What is the way forward for Nigeria, post-COVID-19? (IV): Think beyond Nigeria’s health crisis
A common saying, which is an English proverb is, ‘health is wealth’. We understand this ‘an individual and or collective health and wellbeing is the greatest wealth one has. It is not about money or your account balance. Good health matters. We consider the COVID-19 pandemic a global plague, which is currently afflicting the health of nation-states including the citizens. Nigeria is not exempted at all.
With the current health challenge and its negative implications, one cannot but think and engage in the importance of the health systems in Nigeria.
As we were planning to write this fourth piece in the series, the importance of primary healthcare as critical to the wellbeing of our nation, post-COVID-19 comes to mind. It is this species that we want to address in this piece.
What is the state of our nation’s healthcare system, especially in the current COVID-19 pandemic? What systems are put in place for efficient surveillance to track and monitor the outbreak of communicable and non-communicable diseases in the country? What is the state of health of an average Nigerian? What access to primary health care specifically does an average Nigerian have? How many primary healthcare facilities are accessible in each of the 774 local governments in Nigeria? These are some of the questions we want you to think about as you read this piece. Our intention is to bring to the fore these questions even as we argue that essential to a post-COVID-19 Nigeria is the need to prioritize building our healthcare systems and infrastructure, especially the primary healthcare system across all the local government areas in Nigeria. This will include having a long-term, strategic plan that is sustainable with the ease of monitoring over time.
Article 25 of the Universal Declaration on Human Rights noted that “everyone has the right to a standard of living adequate for the health and wellbeing of himself and of his family, including food, clothing, housing and medical care and necessary social services […]”. In agreement with this, the World Health Organisation (WHO) emphasised the importance of primary health care. WHO characterised primary healthcare as ‘meeting people’s health needs through comprehensive promotive, protective, preventive, curative, rehabilitative, and palliative care throughout the life course, strategically prioritizing key health care services aimed at individuals and families through primary care and the population through public health functions as the central elements of integrated health services’. The value of human life is what primary healthcare is about, right from the grassroots of society. Of importance is for every citizen to have access to reliable community health right from the grassroots in Nigeria.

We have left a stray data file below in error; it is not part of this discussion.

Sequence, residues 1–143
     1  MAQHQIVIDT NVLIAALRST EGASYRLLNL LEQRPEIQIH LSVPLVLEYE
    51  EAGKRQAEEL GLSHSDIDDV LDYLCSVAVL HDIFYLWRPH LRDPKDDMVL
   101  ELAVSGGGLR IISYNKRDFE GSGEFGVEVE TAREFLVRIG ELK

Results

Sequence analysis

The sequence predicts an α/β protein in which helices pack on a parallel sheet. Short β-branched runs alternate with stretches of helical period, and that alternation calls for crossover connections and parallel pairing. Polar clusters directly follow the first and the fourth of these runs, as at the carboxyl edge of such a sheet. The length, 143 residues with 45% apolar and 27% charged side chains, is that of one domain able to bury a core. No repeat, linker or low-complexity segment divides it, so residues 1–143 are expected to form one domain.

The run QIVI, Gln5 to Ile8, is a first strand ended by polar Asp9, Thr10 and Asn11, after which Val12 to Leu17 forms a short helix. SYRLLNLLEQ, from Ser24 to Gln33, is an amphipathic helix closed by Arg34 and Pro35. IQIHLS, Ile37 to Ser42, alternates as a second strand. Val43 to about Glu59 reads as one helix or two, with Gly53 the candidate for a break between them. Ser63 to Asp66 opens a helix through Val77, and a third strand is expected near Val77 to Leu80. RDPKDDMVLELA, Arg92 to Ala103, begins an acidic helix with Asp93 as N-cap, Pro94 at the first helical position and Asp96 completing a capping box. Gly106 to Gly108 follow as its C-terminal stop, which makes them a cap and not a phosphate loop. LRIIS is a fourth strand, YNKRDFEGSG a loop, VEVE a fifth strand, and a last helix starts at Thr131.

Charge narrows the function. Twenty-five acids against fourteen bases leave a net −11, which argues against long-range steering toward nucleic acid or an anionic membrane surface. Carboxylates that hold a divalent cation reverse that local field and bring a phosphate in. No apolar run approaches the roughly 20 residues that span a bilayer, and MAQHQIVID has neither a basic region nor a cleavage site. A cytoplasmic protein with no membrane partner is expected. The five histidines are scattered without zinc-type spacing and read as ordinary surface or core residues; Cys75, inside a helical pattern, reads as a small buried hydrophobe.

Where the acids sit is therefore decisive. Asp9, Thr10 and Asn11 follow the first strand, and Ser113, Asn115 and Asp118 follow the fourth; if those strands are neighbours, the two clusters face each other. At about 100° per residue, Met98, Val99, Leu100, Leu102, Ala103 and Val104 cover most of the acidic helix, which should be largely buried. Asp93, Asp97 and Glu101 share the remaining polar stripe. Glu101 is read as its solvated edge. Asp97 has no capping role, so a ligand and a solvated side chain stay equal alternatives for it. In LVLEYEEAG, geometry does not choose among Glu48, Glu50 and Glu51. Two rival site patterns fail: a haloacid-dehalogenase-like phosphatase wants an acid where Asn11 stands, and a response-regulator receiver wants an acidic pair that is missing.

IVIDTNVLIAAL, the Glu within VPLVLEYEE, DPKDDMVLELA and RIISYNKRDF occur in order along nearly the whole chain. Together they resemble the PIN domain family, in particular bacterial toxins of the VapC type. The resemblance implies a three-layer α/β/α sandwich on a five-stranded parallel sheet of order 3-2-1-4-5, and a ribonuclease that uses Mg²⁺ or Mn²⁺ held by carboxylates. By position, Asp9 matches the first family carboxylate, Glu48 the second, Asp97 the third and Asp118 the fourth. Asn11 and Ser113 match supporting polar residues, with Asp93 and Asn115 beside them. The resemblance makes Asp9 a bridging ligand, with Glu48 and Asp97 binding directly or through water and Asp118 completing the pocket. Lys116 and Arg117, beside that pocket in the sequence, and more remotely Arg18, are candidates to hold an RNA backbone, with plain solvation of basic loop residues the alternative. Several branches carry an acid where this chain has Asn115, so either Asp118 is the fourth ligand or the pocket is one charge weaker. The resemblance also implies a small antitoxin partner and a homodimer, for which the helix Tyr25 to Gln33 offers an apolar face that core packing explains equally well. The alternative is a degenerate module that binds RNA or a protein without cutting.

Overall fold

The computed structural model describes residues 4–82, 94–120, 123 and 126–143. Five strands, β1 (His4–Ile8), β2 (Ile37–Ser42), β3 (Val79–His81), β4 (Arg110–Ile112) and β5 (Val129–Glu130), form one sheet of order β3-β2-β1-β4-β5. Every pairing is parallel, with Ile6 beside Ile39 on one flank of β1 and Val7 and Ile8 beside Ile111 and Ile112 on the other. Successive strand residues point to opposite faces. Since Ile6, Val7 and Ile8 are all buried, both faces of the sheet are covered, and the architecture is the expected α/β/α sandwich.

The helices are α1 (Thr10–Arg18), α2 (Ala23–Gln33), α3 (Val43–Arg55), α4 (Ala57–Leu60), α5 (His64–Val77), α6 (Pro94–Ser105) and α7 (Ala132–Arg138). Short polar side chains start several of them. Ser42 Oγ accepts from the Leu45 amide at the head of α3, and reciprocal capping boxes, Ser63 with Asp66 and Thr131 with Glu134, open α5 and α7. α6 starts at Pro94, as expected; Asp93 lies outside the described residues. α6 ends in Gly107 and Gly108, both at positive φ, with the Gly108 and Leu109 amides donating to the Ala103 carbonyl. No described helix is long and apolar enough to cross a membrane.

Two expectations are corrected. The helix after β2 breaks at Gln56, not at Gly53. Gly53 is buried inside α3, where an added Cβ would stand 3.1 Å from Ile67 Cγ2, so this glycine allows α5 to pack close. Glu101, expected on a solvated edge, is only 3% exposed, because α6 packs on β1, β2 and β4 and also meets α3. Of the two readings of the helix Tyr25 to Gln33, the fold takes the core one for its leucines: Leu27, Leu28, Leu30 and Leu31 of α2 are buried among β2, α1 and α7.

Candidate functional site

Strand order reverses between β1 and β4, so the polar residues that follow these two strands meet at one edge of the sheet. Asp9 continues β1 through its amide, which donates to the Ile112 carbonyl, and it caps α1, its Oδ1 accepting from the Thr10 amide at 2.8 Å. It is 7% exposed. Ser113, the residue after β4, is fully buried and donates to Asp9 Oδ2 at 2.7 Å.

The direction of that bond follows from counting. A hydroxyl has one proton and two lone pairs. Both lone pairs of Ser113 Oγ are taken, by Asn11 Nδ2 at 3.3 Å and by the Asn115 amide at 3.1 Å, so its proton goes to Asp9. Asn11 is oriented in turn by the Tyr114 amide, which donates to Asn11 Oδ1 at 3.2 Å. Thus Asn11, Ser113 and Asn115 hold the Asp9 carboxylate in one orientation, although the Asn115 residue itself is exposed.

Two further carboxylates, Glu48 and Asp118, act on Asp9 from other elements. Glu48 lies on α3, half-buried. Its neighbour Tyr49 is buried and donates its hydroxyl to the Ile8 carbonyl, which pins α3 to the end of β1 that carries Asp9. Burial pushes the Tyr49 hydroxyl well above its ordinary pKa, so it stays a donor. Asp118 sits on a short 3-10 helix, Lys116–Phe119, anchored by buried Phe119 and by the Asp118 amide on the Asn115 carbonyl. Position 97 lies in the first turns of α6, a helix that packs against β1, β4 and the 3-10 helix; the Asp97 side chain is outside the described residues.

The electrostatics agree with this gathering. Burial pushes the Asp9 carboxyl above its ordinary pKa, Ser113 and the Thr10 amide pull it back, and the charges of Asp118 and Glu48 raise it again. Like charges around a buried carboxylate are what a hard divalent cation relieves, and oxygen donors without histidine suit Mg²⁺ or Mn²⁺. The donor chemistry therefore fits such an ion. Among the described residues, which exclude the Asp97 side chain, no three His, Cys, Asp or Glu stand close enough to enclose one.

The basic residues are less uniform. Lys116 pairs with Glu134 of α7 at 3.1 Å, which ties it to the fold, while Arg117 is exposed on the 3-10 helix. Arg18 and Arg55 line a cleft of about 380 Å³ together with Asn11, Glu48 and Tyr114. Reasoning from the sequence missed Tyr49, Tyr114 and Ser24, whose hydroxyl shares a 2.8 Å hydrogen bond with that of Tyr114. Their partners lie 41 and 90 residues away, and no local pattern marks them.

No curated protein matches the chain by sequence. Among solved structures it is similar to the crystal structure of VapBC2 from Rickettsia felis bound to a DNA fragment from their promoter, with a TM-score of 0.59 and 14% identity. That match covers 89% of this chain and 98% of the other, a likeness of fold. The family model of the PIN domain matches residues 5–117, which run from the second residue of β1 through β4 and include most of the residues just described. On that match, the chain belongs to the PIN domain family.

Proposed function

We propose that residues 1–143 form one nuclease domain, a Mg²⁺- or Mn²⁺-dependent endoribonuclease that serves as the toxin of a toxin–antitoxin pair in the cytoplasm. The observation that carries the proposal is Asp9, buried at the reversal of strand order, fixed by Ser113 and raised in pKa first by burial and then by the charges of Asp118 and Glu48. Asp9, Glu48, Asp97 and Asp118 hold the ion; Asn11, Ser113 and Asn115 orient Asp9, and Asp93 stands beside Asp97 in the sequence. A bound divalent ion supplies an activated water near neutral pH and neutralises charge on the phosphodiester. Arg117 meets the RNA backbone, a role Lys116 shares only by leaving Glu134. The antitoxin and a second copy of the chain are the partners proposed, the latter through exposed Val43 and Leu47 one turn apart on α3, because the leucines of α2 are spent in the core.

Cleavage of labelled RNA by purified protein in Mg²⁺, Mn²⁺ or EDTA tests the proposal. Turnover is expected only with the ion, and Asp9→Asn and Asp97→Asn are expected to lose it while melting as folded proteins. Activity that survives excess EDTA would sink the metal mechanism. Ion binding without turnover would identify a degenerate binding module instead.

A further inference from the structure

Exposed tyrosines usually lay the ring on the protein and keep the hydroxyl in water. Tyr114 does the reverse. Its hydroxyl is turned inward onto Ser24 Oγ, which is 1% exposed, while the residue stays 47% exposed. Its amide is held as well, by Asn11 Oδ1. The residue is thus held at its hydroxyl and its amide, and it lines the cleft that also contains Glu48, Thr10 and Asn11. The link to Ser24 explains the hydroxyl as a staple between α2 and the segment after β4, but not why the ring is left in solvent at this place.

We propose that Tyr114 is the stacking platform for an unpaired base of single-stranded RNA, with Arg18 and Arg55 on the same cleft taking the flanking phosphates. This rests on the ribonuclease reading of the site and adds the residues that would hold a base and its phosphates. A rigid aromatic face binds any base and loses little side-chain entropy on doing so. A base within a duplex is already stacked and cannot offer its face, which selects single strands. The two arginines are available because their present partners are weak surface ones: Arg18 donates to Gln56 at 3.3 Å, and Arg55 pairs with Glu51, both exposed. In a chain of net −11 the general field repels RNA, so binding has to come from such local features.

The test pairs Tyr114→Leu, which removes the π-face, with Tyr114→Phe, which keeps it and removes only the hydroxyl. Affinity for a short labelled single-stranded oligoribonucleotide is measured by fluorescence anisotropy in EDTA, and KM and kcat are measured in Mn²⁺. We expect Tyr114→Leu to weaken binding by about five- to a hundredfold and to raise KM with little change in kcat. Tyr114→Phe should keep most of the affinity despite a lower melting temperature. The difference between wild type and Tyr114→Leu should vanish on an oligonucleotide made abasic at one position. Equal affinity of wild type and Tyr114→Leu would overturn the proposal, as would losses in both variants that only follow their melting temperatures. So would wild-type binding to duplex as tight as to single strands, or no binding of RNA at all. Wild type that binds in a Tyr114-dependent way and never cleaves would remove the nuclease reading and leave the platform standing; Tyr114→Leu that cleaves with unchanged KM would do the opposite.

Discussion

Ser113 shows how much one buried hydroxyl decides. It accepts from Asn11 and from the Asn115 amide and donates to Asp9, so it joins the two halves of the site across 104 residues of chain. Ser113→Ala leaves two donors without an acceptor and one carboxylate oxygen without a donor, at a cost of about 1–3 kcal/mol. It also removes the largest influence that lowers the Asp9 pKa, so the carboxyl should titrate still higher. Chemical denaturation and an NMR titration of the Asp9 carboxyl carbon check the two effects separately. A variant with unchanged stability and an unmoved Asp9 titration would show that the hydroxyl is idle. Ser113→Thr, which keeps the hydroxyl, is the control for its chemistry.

Evidence from peer-reviewed literature shows that ‘the present state of Primary Health Care (PHC) system in Nigeria is alarming, with only about 20% out of the 30,000 PHC facilities relatively distributed throughout the 774 Local Government Areas (LGAs) across Nigeria working partially’ (Oserei & Uddin, 2019). As of 2017, the current health expenditure (% of GDP) of Nigeria, South Africa, Egypt, Arab Rep. was 3.76, 8.11 and 5.29 respectively. Of the three countries, Nigeria had the lowest spending in percentage of GDP (The World Bank). The data indicates an exigent need to address the state of our health systems and infrastructure in Nigeria. The need to take seriously the health sector in Nigeria and provide effective and efficient primary healthcare is key to the future of the nation.
The current situation presents enormous opportunities not just for the government across the three levels: local, state and national. It presents an opportunity to think of a data-driven health sector. Post-COVID-19, governance cannot be business as usual especially with the slump in the earnings from oil price in the global market. This is the time to think of not just leaving the health sector to the government. The private sector, especially through the health maintenance organizations (HMOs), can come up with innovative solutions in partnership with the government. While we engage the government to increase the spending on health care as a percentage of GDP, this is time for the private sector to become more involved as well. In every crisis are pockets of opportunities if the mindset and attitude are right. We personally believe that within the crisis in our health system, this is the time to think differently and search for new, innovative ways to find solutions to our health sector in Nigeria.